|Protein Name||Butyrophilin subfamily 1 member A1|
|Ref Sequence Id||NP_776933.1|
|Amino Acid Lenth||526|
|Protein Existence Status||Reviewed: Experimental evidence at protein level|
|Presence in other biological fluids/tissue/cells||Abundant in milk fat globule membrane,|
|Protein Function||butyrophilin mRNA correlates with the onset of milk fat secretion toward the end of pregnancy and is maintained throughout lactation; acts as a receptor, facilitating the interaction between cytoplasmic lipid droplets and the apical plasma membrane; the major component of a proteinaceous layer between the plasma membrane and lipid droplet surface; associated with complex immunological phenomena; regulate the function of T cells by engaging poorly defined receptors on both αβ and γδ T cells|
|Biochemical Properties||Associates with membranes via a single hydrophobic domain that is in the approximate middle of the sequence; Soluble forms of butyrophilin may accumulate between the fat droplet and the apical plasma membrane and become incorporated into the coat by association with other MFGM proteins or by self-association with the membrane-bound form of butyrophilin in the apical plasma membrane; incorporated into the protein coat by a massive rearrangement of the apical surface as the lipid droplets approach the plasma membrane; has motifs, especially hydrophobic domains that may interact with the surface of fat droplets in the apical cytoplasm|
|Significance in milk||protein associated in large amounts with MFGM and has function in the secretion of milk fat globules|
|PTMs||N linked glycosylation in the exoplasmic domain; presence of mannaose, galactose and N-acetylglucosamine; 3 potential N-glycosylation sites - 2 in the -NH2 terminal and 1 in -COOH terminal; Acylation with myristate, stearate, palmitate and oleate|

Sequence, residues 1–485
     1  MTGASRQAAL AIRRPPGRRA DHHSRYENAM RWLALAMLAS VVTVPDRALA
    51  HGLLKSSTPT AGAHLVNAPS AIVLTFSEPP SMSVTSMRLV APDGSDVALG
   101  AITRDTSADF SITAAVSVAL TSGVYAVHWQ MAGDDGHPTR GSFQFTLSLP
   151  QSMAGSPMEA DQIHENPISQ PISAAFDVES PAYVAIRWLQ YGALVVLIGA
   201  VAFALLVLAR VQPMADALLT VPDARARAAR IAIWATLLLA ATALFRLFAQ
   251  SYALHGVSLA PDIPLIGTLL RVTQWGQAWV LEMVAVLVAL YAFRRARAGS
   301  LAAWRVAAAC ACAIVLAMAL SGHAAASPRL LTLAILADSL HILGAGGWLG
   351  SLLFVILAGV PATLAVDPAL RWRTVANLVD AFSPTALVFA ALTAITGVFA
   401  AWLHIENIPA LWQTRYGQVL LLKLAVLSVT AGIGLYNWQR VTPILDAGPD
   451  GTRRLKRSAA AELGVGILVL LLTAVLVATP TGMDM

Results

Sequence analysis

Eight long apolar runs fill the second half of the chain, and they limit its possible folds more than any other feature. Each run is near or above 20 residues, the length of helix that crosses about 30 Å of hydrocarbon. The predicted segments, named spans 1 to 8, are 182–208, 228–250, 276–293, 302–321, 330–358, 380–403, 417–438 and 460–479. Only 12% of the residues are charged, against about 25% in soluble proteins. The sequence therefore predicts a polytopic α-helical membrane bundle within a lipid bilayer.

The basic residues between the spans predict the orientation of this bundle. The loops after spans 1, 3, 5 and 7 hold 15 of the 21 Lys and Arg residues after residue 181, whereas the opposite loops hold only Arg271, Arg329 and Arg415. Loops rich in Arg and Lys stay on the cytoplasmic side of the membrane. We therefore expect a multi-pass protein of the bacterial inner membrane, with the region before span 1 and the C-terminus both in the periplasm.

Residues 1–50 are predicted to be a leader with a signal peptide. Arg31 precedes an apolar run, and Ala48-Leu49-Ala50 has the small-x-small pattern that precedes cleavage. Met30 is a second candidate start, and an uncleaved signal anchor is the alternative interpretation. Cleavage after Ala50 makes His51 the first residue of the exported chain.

| Site(s) of PTM(s) |
|>sp|P18892|BT1A1_BOVIN Butyrophilin subfamily 1 member A1 OS=Bos taurus OX=9913 GN=BTN1A1 PE=1 SV=2|
MAVFPNSCLAGCLLIFILLQLPKLDSAPFDVIGPQEPILAVVGEDAELPC RLSPN*55VSAKGMELRWFREKVSPAVFVSREGQEQEGEEMAEYRGRVSLVED HIAEGSVAVRIQEVKASDDGEYRCFFRQDENYEEAIVHLKVAALGSDPHI SMKVQESGEIQLECTSVGWYPEPQVQWRTHRGEEFPSMSESRNPDEEGLF TVRASVIIRDSSMKN*215VSCCIRNLLLGQEKEVEVSIPASFFPRLTPWMVAV AVILVVLGLLTIGSIFFTWRLYKERSRQRRNEFSSKEKLLEELKWKRATL HAVDVTLDPDTAHPHLFLYEDSKSVRLEDSRQKLPEKPERFDSWPCVMGR EAFTSGRHYWEVEVGDRTDWAIGVCRENVMKKGFDPMTPENGFWAVELYG NGYWALTPLRTPLPLAGPPRRVGVFLDYESGDIFFYNMTDGSHIYTFSKA SFSGPLRPFFCLWSCGKKPLTICPVTDGLEGVMVVADAKDISKEIPLSPM GEDSASGDIETLHSKLIPLQPSQGVP
|Bibliography||1. Franke, W. W., Heid, H. W., Grund, C., Winter, S., Freudenstein, C., Schmid, E., Jarasch, E. D., and Keenan, T. W. (1981) Antibodies to the major insoluble milk fat globule membrane-associated protein: specific location in apical regions of lactating epithelial cells. J. Cell Biol. 89, 485–494. |
2. Franke, W. W., Lüder, M. R., Kartenbeck, J., Zerban, H., and Keenan, T. W. (1976) Involvement of vesicle coat material in casein secretion and surface regeneration. J. Cell Biol. 69, 173–195.
3. Gavel, Y. and von Heijne, G. (1990) Sequence differences between glycosylated and non-glycosylated Asn-X-Thr/Ser acceptor sites: implications for protein engineering. Protein Eng. 3, 433–442.
4. Hirano, H., Parkhouse, B., Nicolson, G. L., Lennox, E. S., and Singer, S. J. (1972) Distribution of saccharide residues on membrane fragments from a myeloma-cell homogenate: its implications for membrane biogenesis. Proc. Natl. Acad. Sci. U. S. A. 69, 2945–2949.
5. Keenan, T. W., Heid, H. W., Stadler, J., Jarasch, E. d, and Franke, W. W. (1982) Tight attachment of fatty acids to proteins associated with milk lipid globule membrane. Eur. J. Cell Biol. 26, 270–276.
6. Freudenstein, C., Keenan, T. W., Eigel, W. N., Sasaki, M., Stadler, J., and Franke, W. W. (1979) Preparation and characterization of the inner coat material associated with fat globule membranes from bovine and human milk. Exp. Cell Res. 118, 277–294